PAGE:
You shouldn't have to fight, for your right, to PRIVACY!

At long last we've decided to cancel our cable TV and go 100% DVD and media purchased online (although we don't have as many options here in Canada). I assumed we'd get an Apple TV one day, but the Bell Video Store was announced a few weeks ago, so I signed up to see what I could learn.

I still haven't rent or bought a movie, but I did learn a lot about corporations and their privacy statements. I'm hoping this will be a cautionary tale for consumers, but more so for companies.

Seemingly obvious, but easy to break rule #1: Don't make your customers have to fight just to protect their own privacy, and by extension your employee and business-partner's privacy.

The seemingly most obvious rule (#2): Ensure the people responding to privacy concerns KNOW the company's policy.

The problem was simple, really. For some reason their support forum was set up to display people's e-mail address as their account name. This meant everyone's e-mail addresses were available - customers, Bell employee's, and the company that was hired to monitor the forum:

Ooops, not cool. I tried a couple of times to have the problem fixed using the online chat function, and by calling the main Bell number, but could never get through to anyone who even knew about the new video store, never mind anything about privacy.

My last choice was to send an e-mail to their privacy address around 7:30PM EST on Thursday. No response at all on Friday, or over the weekend. Finally on Monday after lunch I received a response! Success! But....

Before they were willing to "direct this matter to the respective Executive Care team for investigation & discussion of situation" they needed... MORE personal information! They kept asking for my telephone number before they would pursue this, even though there is no telephone number associated with a Bell Video Store account, and I kept on responding "I'd love to talk on the phone, if you give me a number I can call I will call right away."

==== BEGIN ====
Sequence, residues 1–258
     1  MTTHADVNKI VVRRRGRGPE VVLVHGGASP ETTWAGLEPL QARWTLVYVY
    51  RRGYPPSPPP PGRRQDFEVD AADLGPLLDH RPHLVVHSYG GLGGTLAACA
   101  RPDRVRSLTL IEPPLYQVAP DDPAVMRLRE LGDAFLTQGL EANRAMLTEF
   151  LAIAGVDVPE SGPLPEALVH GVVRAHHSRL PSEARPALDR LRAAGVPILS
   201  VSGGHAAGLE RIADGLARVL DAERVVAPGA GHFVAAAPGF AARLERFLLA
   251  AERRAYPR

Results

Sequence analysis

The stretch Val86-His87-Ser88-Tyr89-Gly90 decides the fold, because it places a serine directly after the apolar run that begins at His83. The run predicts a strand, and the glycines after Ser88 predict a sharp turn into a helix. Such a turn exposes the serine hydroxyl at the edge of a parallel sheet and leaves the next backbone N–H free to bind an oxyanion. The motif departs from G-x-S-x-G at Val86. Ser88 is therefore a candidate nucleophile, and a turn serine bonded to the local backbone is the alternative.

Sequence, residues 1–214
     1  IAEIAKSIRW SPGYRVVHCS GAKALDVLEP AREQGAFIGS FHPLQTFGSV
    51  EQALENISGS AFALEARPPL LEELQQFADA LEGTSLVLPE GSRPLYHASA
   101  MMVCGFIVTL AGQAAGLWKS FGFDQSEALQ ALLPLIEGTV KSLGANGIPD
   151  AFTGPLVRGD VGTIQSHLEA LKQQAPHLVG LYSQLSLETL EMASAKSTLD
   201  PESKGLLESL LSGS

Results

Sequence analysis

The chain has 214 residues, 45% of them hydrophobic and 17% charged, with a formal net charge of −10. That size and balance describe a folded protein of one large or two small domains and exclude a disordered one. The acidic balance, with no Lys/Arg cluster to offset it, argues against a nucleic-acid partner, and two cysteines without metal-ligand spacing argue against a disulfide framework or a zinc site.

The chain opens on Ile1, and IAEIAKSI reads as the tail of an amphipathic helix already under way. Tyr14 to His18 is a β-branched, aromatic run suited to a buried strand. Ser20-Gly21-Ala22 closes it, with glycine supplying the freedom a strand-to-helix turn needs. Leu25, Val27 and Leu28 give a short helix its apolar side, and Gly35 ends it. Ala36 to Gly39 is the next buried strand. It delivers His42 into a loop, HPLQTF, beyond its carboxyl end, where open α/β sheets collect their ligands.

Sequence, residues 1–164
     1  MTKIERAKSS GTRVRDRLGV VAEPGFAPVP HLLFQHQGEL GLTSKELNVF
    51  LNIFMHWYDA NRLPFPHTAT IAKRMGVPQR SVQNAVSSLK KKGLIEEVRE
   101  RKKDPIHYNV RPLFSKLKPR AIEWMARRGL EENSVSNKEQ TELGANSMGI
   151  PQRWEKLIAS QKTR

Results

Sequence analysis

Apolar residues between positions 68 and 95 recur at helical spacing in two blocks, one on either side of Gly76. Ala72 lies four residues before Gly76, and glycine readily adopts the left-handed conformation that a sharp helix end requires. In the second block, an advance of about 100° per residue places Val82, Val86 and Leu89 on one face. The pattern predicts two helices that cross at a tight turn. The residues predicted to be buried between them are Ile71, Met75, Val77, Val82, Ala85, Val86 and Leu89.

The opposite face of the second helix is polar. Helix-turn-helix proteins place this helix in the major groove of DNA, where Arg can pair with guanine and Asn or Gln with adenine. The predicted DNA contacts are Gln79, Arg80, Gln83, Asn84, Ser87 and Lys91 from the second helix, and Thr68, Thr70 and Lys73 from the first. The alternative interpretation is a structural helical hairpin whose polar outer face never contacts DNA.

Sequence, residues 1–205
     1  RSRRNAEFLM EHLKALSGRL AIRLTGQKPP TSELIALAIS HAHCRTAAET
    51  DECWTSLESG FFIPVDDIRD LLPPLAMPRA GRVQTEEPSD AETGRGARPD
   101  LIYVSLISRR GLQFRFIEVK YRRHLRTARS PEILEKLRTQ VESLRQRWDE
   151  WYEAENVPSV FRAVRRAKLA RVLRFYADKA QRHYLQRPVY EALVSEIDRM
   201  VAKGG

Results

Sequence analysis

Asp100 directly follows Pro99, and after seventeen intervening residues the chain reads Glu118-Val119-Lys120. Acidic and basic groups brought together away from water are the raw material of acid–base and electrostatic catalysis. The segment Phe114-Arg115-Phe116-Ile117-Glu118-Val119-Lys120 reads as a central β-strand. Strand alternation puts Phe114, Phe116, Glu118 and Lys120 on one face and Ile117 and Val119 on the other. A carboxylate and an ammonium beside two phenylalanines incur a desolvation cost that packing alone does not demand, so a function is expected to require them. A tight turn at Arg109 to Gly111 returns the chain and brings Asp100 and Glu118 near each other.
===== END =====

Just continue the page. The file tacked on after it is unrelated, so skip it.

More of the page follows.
This went back and forth a few times, until I finally found a way to break the stalemate: quoting from the Bible (OK, not THE Bible, but the full Bell Canada privacy statement at http://www.bell.ca/web/common/en/all_regions/pdfs/bcfip.pdf). And it worked!

Principle 2 - Identifying Purposes for Collection of Personal Information:
The Bell companies shall identify the purposes for which personal information is collected at or before the time the information is collected.
Principle 4 - Limiting Collection of Personal Information:
The Bell companies shall limit the collection of personal information to that which is necessary for the purposes identified.

This time it really worked. No requests for additional, unrelated information. The forum was fixed, but not before a few other people noticed.

Postscript: For a follow-on posting I'm going to consider what people expect from their employers, and from web services they provide personal information to. Could you take about a minute each to answer the single question on each of these two surveys?

Link to Survey 1: Which of the following information would you expect your employer to notify you about if the information was inadvertently made public on the internet or through laptop theft, even for a short period of time:

Link to Survey 2: Which of the following information would you expect a company you signed up with to notify you about if the information was inadvertently made public on the internet or through laptop theft, even for a short period of time: